Drop sets are a classic training method for increasing muscular hypertrophy and even strength gains! If you’ve ever wondered how many drop sets per workout is ideal then I’ve got you covered!
- Part 1: How Many Drop Sets Should You Do In A Workout?
- Part 2: Drop Sets For Hypertrophy
- Part 3: Drop Sets For Strength
- Part 4: Conclusion
In this comprehensive guide I will teach you exactly how many drop sets you should perform in a given workout.
In part 1 I give you a big-picture overview of drop sets training and some general rules you can use to determine how many sets you should perform per workout.
In parts 2-4 we take a closer look at 3 very popular and very effective drop set routines to learn how to apply the information we covered in part 1.
I am quite confident you will find this information helpful!
Part 1: How Many Drop Sets Should You Do In A Workout?
So how many drop sets should I perform per workout?
In my experience with training literally hundreds of clients I have found that most people do best performing 3-4 drop sets per exercise.
If you are doing drop sets on multiple exercises then you can easily do 6-8 or more drop sets in a single workout!
Please keep in mind that these are just averages.
Some people will do great on up to 5 drop sets per exercise, while others will only be able to handle 1-2 drop sets per exercise!
Part 2: Drop Sets For Hypertrophy
When doing drop sets for hypertrophy I think it is really important to monitor how much weaker you are on each subsequent drop set per exercise.
For example, if your strength is plummeting from one drop set to the next, then that is a sign that you might want to cut your losses and move onto the next exercise!
On the other hand, if you can perform multiple drop sets on an exercise without losing much strength from one set to the next, then you have a “green light” to keep going!
When using drop sets for hypertrophy training I recommend using a 20% performance drop-off index.
This means that when your strength from your first drop set to the last drop set decreases by more than 20% you know your body is very fatigued and it is time to move on to the next exercise.
I first heard about the idea of a performance drop-off curve from Charles Poliquin when I started weight training in 2008 and more recently Greg Doucette has talked a lot about them on his YouTube channel.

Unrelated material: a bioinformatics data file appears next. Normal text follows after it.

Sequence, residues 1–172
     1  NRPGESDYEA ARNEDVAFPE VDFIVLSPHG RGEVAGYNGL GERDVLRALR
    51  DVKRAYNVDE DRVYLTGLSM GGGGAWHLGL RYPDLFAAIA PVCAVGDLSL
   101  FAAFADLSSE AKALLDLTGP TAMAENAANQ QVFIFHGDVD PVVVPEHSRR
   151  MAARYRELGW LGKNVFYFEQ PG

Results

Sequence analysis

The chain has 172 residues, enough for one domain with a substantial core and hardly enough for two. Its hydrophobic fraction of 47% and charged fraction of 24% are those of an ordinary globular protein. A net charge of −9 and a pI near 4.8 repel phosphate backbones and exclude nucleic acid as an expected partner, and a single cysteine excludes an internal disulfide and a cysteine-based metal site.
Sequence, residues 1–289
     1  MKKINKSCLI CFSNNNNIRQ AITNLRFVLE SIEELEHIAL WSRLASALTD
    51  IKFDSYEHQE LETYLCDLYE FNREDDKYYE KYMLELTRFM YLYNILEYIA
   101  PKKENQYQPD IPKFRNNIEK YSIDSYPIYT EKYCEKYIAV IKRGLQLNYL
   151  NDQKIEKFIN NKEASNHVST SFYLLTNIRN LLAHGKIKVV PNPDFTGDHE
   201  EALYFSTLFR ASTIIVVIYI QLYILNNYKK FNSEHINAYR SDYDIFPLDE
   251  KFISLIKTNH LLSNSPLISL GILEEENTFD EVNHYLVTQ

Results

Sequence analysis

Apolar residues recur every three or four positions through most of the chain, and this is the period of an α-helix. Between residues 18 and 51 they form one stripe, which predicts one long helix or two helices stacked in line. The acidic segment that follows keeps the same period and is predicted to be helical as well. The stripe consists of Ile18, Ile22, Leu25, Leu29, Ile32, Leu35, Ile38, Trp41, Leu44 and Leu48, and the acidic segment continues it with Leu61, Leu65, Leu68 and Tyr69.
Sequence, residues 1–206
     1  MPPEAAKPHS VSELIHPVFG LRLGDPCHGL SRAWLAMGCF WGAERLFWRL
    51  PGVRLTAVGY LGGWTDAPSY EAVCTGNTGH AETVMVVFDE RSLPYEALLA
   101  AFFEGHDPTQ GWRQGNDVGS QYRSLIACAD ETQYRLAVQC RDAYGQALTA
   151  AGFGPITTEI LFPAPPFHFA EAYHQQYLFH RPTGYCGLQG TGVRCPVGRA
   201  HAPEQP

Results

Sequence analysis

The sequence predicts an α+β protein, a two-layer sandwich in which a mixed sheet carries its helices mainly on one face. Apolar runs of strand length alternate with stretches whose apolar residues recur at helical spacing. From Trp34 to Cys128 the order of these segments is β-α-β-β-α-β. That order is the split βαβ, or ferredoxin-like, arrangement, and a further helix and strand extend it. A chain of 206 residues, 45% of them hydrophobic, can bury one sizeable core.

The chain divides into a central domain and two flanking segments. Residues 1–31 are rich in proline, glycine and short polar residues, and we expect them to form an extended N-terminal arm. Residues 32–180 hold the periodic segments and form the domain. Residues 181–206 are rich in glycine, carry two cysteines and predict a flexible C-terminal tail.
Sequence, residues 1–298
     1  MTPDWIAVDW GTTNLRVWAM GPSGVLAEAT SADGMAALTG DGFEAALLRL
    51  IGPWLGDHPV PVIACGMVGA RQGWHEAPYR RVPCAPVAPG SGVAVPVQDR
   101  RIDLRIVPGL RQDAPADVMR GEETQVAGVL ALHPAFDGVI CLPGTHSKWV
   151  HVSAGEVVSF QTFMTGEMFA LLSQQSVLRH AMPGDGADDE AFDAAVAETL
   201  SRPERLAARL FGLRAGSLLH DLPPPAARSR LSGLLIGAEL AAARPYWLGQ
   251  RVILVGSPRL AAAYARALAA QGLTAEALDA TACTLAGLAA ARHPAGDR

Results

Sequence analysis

Let’s use a simple example. Joe Average intends to perform the magical number of 3-4 drop sets on the bench press.
He knows he can only tolerate a 20% drop off curve, so if his performance on his last drop set dips below 80% of his performance on his first set, then he knows its time to move on to the next exercise.
For example, let’s say Joe Average is doing a 6/12/25 drop set.
With this type of drop set Joe lifts a weight for 6 reps, reduces the load by 50% and cranks out 12 reps, then reduces the load by 50% again and cranks out 25 reps.
- Set #1: 200 lbs x 6 reps (+2 drops)
- Set #2: 180 lbs x 6 reps (+2 drops)
- Set #3: 160 lbs x 6 reps (+2 drops)
Joe’s first 2 sets go exactly according to plan. However, on his third set Joe has to reduce the load to only 80% of his first set.
Joe’s performance has decreased by exactly 20%, so he knows that he has to call it at three drop sets on the bench press.
He can continue doing additional chest exercises if his routine calls for it, but he cannot do additional drop sets on the bench press.
Part 3: Drop Sets For Strength
The rules for using drop sets for strength are a little different. I still recommend doing 3-4 total drop sets per workout.
However, the rule for the performance drop-off index is a little different when using drop sets for strength as opposed to drop sets for hypertrophy.
When training for strength, I recommend you use a 10% performance drop-off index.
This means that when you have to reduce the weight by more than 10% from your first drop set to your last drop set then it is time to stop and move on to another exercise.
For example, let’s say Joe average is doing standing barbell curls on a 4/2/2 drop set.
In other words, he gets 4 reps on the first part of the set, takes some weight off the bar, does 2 more reps, takes some more weight off the bar, and does 2 more reps to finish the drop set.
- Set 1: 100 x 4 (+2 drops)
- Set 2: 95 x 4 (+2 drops)
- Set 3: 95 x 4 (+2 drops)
- Set 4: 90 x 4 (+2 drops)
Let’s take a look at how Joe did.
Joe was able to complete 4 separate drop sets without his performance dropping by more than 10%. Nice job Joe!
Joe wanted to do a 5th set but he saw that his performance was already down by 10% from the first set so he wisely decided to move on to some other bicep exercises to finish his workout.
If Joe were to attempt a 5th drop set he would risk overtraining and have a very difficult time recovering in time for his next workout.
Part 4: Conclusion
So how many drop sets should you do?
I recommend 3-4 drop sets per exercise for most people. Of course you could do drop sets on multiple exercises if you so desire.
Also you have to be mindful of the performance drop-off indexes.
If you are training for hypertrophy then a decrease in performance of up to 20% on drop sets is acceptable.
On the other hand, you should only allow a 10% decrease in performance when training for strength before moving on to another exercise.
If you enjoyed this content then I think you will LOVE the following 2 articles where I go in depth on many different types of drop sets:
Of course I am always available for online coaching if you ever want someone to write you a personalized drop sets training routine or have a specific fitness goal that you want to achieve.
Thank you for reading and I wish you the best of luck in your strength training endeavors!
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